Havasupai Legends

Religion and Mythology of the Havasupai Indians of the Grand Canyon

For almost seven hundred years, the Havasupai Indians, who call themselves People of the Blue Water, have lived in an area that includes the depths of the western Grand Canyon and the heights of the San Francisco Peaks. Here they inhabited the greatest altitude variation of any Indians in Southwestern America.

Written in consultation with some of the last Havasupai shamans, this book details their religious beliefs, customs, and healing practices. A second section presents legends of the Havasupai origin, the first people, and tales of Coyote, Gila Monster, Bear, and others.

Carma Lee Smithson was engaged in doctoral research when she succumbed to lymphosarcoma in 1961. At her request, Robert Euler arranged and expanded her work for publication. Originally published in 1964 as Havasupai Religion and Mythology, this work has been reedited and includes photographs and a new foreword by Euler, now a consulting anthropologist.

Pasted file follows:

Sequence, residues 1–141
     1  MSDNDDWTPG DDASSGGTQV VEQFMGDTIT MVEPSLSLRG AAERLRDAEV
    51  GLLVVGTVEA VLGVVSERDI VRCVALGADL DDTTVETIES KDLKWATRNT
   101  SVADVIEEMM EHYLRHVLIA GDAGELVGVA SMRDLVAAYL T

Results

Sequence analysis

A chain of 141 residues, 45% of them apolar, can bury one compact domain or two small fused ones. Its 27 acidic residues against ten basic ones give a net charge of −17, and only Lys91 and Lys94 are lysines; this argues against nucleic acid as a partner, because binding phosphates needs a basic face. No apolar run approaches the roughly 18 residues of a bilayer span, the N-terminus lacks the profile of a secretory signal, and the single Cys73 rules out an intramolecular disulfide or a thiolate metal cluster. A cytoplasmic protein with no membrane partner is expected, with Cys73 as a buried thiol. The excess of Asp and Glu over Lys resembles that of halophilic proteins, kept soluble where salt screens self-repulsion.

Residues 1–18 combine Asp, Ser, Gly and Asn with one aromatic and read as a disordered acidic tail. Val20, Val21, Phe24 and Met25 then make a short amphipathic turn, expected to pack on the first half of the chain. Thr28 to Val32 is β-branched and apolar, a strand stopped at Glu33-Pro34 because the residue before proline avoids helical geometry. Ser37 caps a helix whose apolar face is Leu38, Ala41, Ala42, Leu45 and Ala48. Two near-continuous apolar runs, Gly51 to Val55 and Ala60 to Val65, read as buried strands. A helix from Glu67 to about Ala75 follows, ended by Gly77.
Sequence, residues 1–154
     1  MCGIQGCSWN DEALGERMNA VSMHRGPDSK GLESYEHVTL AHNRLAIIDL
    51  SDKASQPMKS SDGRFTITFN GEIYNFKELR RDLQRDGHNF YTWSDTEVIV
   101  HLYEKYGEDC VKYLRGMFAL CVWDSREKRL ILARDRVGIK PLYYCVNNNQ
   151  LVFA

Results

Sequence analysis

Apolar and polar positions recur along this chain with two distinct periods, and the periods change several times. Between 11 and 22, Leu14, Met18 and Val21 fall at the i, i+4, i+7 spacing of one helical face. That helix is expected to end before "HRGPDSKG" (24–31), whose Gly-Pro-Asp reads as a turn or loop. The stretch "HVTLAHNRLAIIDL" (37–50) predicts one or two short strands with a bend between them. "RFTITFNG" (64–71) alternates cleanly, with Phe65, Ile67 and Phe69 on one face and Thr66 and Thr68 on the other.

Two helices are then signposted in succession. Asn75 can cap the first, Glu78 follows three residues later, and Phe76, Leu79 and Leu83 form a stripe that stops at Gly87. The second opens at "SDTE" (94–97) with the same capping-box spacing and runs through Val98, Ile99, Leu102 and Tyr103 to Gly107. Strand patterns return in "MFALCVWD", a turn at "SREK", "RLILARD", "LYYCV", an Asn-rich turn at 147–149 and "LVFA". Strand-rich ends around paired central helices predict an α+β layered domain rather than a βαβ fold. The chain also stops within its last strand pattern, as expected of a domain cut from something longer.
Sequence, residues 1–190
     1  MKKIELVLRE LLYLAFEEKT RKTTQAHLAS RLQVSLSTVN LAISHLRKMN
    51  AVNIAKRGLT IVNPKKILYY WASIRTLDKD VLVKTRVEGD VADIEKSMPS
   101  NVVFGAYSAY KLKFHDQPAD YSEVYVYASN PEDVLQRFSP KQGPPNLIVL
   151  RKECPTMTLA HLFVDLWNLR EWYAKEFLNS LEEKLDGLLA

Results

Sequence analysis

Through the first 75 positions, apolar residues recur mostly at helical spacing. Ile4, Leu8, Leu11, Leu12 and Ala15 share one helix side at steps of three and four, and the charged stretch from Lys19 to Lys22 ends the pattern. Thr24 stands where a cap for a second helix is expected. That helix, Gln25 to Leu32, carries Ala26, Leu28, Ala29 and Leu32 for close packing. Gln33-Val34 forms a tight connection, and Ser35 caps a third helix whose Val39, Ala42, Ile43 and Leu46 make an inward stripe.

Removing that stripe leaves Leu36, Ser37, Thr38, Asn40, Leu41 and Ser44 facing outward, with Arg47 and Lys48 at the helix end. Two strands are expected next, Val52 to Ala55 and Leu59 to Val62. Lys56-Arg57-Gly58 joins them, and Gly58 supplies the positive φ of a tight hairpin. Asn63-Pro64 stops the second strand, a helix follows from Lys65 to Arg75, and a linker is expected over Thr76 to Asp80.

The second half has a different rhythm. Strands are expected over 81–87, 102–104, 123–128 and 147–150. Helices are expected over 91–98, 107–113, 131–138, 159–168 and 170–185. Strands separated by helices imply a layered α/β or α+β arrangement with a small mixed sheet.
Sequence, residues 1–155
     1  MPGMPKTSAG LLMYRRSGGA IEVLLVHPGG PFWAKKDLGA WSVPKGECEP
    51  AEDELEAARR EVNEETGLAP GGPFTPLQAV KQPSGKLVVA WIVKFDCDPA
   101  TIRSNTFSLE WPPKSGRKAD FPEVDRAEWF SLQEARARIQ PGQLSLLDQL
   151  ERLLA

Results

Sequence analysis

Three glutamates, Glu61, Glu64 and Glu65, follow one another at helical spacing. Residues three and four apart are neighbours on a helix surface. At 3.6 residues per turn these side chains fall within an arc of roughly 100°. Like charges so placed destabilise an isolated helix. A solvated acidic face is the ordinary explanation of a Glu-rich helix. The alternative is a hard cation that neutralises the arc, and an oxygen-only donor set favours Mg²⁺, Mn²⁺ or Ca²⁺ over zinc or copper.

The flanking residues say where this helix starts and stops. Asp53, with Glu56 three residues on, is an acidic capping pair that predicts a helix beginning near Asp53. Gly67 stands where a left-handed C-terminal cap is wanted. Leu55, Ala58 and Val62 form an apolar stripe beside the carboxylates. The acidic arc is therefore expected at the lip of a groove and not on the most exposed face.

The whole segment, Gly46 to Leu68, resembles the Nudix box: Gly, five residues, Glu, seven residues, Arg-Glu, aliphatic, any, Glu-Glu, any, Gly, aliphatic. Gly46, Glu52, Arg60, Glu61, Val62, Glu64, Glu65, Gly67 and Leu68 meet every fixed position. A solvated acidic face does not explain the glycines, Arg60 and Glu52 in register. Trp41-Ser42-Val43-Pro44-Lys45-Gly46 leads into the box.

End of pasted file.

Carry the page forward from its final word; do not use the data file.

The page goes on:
Table of Contents:

        Sacred Places and Spirits
        Conceptions of the Soul
        Shamans and Illness
        Concepts of Disease and Illness
        Preventive Medicine
        Medicinal Therapy and Contraceptives
       The Sweatlodge and Its Therapeutic Functions
       Death and Funeral Customs
       The Funeral of Mexican Jack
       Havasu Canyon Walls Closing Up
       Frog Rock
       Origin of Menstruation
       The Man Who Went After His Wife
       The Lady Who Could Have No Children
       Grandmother and Little Boy
       The Sun and His Daughters
       The Man Who Caught Himself in the Eagle’s Nest
       Bear’s Wife
       Turkey (or Eagle)
       Turkey (version 2)
       Fox and the Giant Bird
       Fox and His Brother
       Gila Monster and Hunter Hawk
       Porcupine (version 2)
       Coyote and His Family
       Coyote Steals the Heart of a Chief
       Coyote, Wolf, and Lion
       Coyote Packs a Pole
       Wolf, Coyote, Bat, and Elk
       The First Sweatlodge
       Coyote and Deer
       Coyote’s Death


Praise and Reviews:
—American Anthropologist

“Most noteworthy is Smithson’s detailed description of a 1951 Havasupai funeral ceremony that reveals significant Mohave Indian influence.”
—The Western Library